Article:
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A Rich Policy Language for the DNS

For many years ISPs in certain parts of the world have been required by their regulators/governments to redirect certain websites that were deemed malicious or suspicious. DNS offered a straightforward way to do this; and Nominum, now part of Akamai, is a DNS company, developed an early mechanism using a DNS zone file that made it simple for ISPs to comply. The technology was originally named "Malicious Domain Redirection" (MDR), and it basically allowed DNS server operators to perform a single action for a given domain name. Actions could be categorized so that each action or redirection did not have to be repeated.

Governments continue to pursue initiatives to impede access to the internet in various ways, but it's also become clear that internet users themselves are interested in managing their internet access. For instance, families want to enable filters in their homes so children can take advantage of everything that's great about the internet, but in an age-appropriate way. Network-based solutions that don't require lots of administrative overheard are especially appealing to this audience.

In considering the requirements for more personalized DNS-based services Nominum quickly discovered that expressing policies in DNS zone files had limitations. Advanced use cases like personalized parental controls for home internet (where each family can choose what kinds of content is permitted in their home, and who gets to see what1) could not be implemented and even protecting DNS servers themselves became more challenging as attacks got more sophisticated.

As a result, Nominum developed a far more versatile DNS policy engine called "Lightweight View Policies" (LVP), which ultimately became the foundation for an entire suite of applications. LVP allows for a degree of personalization and targeting of malicious DNS traffic that simply isn't possible with one-dimensional policies.

To give a sense of its considerable power and flexibility, one set of domain-based policies can be applied to one subscriber/IP, and a completely different set of domain-based policies can be applied to another subscriber/IP - every IP can have a unique view of the internet. Any aspect of the DNS packet (domain, query type, result code, size, etc.) can be used as a trigger and policy triggers can be time-based (no social media for teens during study time and dinner!). Policies can be applied at any time in the query process (pre-query, post-query or pre-send) and rate limiters can be applied at any stage of policy evaluation. They can also be connected with logical operators (AND, OR, NOT), and ordered, nested, and evaluated with priorities. Subsequent enhancements even allow policies to be applied to individual devices and users behind a residential gateway or NAT. There are many more features to enable fine-grained management of DNS query traffic.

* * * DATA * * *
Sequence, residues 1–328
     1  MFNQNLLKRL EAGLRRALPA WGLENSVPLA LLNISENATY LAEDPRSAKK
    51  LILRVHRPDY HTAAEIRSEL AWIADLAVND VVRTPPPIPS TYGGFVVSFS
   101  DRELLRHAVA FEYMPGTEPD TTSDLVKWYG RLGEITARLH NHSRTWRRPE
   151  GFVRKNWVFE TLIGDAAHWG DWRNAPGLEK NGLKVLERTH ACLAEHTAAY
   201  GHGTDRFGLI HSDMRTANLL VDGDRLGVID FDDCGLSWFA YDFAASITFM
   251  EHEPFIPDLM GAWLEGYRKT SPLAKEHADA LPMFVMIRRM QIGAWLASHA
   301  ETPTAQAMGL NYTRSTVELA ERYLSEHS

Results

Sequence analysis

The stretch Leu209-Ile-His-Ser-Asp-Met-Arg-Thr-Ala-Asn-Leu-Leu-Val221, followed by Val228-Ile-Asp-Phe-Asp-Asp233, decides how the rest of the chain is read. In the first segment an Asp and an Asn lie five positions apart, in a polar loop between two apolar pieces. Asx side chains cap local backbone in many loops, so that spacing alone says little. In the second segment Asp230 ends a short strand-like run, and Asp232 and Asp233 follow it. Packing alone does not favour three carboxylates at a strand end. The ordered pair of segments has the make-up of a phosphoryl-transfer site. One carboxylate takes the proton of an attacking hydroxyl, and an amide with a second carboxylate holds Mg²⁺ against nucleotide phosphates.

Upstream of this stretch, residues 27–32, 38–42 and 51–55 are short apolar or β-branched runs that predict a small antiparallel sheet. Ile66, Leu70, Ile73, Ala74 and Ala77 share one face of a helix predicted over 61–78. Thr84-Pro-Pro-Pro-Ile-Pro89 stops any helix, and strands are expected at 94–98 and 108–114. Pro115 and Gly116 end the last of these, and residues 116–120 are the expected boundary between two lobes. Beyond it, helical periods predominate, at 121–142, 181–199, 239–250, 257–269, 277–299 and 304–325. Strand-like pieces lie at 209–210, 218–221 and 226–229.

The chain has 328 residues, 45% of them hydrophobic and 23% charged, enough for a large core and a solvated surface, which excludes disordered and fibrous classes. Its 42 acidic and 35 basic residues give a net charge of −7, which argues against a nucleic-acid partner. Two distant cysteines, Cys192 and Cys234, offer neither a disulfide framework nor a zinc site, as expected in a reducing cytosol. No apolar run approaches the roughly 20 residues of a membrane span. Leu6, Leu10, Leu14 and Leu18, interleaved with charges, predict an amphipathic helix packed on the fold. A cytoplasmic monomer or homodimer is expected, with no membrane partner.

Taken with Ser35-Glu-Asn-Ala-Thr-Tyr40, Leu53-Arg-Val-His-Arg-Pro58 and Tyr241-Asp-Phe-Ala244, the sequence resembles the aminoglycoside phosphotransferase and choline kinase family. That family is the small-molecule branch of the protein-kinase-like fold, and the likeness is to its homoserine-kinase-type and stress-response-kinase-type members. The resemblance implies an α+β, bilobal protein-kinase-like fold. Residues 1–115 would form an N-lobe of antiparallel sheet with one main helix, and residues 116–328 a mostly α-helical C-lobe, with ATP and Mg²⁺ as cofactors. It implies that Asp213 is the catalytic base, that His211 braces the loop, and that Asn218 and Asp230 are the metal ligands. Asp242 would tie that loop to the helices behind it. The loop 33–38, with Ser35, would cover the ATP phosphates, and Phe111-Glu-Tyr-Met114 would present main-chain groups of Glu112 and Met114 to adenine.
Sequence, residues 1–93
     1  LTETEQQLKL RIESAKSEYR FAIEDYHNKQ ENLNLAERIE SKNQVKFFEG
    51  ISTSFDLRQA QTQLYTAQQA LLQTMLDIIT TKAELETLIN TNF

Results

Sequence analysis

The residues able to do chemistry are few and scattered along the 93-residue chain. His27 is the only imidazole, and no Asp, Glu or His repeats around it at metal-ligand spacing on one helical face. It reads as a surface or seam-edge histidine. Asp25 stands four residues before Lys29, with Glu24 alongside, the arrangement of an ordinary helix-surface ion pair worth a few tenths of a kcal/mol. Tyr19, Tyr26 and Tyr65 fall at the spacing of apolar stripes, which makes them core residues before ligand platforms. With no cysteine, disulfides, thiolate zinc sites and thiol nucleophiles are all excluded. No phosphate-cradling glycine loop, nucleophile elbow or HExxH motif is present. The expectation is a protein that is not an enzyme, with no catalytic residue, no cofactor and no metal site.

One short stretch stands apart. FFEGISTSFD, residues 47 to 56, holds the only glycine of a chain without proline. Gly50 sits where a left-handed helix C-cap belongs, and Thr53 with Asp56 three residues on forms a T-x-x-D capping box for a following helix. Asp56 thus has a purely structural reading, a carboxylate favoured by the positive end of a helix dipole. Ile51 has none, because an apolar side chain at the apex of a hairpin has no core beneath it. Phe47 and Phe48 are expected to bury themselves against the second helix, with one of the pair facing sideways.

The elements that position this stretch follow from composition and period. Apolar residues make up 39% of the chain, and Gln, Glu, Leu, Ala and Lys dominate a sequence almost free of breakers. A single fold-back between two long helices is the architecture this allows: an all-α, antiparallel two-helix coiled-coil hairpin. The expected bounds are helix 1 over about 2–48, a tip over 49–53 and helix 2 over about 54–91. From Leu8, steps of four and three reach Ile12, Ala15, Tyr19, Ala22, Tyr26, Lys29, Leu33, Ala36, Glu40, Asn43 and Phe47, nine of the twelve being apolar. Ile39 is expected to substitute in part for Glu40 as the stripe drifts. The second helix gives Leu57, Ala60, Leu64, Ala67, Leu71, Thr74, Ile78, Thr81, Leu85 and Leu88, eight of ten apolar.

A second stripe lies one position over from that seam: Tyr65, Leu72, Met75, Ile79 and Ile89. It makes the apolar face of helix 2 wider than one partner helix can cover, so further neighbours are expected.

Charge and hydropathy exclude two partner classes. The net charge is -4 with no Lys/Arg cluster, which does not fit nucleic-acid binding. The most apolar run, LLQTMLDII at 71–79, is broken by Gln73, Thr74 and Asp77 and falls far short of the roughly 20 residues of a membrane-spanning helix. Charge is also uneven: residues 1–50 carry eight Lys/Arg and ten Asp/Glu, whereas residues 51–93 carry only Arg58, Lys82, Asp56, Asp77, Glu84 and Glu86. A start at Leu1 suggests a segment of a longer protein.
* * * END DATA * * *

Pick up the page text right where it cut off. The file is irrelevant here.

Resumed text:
These rich policy capabilities enable highly personalized services which will be explored in a future blog post. Together with dynamic feeds that track unwanted or malicious web resources, it's possible to offer services that are continuously updated automatically as target domains and IPs change, and even if individual families change their preferences (as children get older and gain access to more of the internet for instance). Network operators don't have to intervene as things change; everything is tracked and managed by the platform.

The policy has been part of every other networking element forever, and there's industry consensus about its use in the DNS. Paul Vixie presented "Response Policy Zones (RPZ) for DNS Redirection" at BlackHat a few years ago, and it was implemented in ISC BIND. Other DNS resolver implementations followed with varying degrees of capability. RPZ is conceptually similar to Nominum's early MDR implementation, but with a different syntax. Recent changes extend RPZ with multiple zone files, but there's no way to match on a client IP and then have successive domain-based policies, which limits the ability to support personalization of services. There's also no way to configure time-based policies.

There's strong alignment of interests between families looking to personalize their internet access, and ISPs looking to cement the subscriber bond with smart and sticky services. DNS-based solutions with rich policy enable a foundational layer of protection for subscribers that is lightweight and effective. When deployed with a platform that automates the distribution of dynamic domain feeds, policies and data to drive the system, it can be simple and seamless for both subscribers and providers.

1 Personalized services also require a configuration portal that makes it easy for families to set filters and manage their devices. This will be discussed in a separate blog post.

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